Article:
Figure 7


Band electrode impedance measurement. 

A, Schematic representation of the band electrode technique. 

B, Time derivative impedance dZ/dt plotted against time t. Point A marks the fourth heart sound of atrial contraction, point B signals the first heart sound before ventricular isovolumetric contraction and rapid ejection, point C is the maximum dZ/dt, point X is the second heart sound of the closing aortic valve, and point O marks the diastolic filling. Left ventricular ejection time (LVET) is the time between points B and X.

Figure 8


Implanted electrode impedance measurement. 

A, Schematic representation of the implanted electrode technique.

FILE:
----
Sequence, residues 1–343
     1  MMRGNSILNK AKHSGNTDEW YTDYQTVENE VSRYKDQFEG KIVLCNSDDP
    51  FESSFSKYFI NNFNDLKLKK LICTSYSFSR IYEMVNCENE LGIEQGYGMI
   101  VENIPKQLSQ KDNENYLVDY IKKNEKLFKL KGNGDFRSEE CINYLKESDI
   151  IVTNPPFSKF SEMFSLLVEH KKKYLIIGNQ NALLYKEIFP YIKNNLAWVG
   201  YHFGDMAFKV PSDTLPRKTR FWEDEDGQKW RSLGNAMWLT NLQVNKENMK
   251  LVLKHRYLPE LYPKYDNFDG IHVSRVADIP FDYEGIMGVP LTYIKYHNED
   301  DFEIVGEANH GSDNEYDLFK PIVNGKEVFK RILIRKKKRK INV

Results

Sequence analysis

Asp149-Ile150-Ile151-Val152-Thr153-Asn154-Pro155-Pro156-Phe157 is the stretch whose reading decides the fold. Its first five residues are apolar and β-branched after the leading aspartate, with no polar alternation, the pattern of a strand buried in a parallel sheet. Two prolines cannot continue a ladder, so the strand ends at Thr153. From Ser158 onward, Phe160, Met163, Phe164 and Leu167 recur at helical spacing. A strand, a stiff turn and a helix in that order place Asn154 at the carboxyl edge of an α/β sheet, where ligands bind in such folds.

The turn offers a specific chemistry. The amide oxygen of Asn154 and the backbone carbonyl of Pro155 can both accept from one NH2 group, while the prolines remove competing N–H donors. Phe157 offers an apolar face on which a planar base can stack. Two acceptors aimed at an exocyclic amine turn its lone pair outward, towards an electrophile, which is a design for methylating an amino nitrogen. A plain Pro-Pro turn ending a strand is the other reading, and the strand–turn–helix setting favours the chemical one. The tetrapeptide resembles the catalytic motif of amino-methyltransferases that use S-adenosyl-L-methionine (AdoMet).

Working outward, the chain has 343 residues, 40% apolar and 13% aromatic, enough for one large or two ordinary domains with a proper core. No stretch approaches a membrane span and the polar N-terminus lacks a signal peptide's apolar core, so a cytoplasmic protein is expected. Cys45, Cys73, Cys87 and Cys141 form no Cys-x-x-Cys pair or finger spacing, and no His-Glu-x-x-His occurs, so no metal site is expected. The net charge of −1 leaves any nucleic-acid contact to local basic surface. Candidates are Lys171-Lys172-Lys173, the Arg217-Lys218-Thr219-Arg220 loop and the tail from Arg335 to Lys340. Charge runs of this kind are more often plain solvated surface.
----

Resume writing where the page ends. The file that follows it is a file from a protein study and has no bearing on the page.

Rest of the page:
B, Plot of the impedance Z for device-based fluid monitoring for a hypothetical episode of fluid overload. Point B is the baseline impedance in the absence of fluid overload, point C marks the steady decline in impedance with accumulating pulmonary fluid over several days or weeks given by Δt, and point D follows the restoration of baseline impedance ΔZ with applied diuretic therapy.

Tang WH, Tong W. Measuring impedance in congestive heart failure: current options and clinical applications. Am Heart J. 2009;157(3):402-411. doi:10.1016/j.ahj.2008.10.016

Implanted cardiac devices incorporate impedance data into an algorithm that provides a composite index using multiple parameters to develop a more sensitive measurement of the propensity for decompensation of CHF.  There are some examples from some of the major device companies: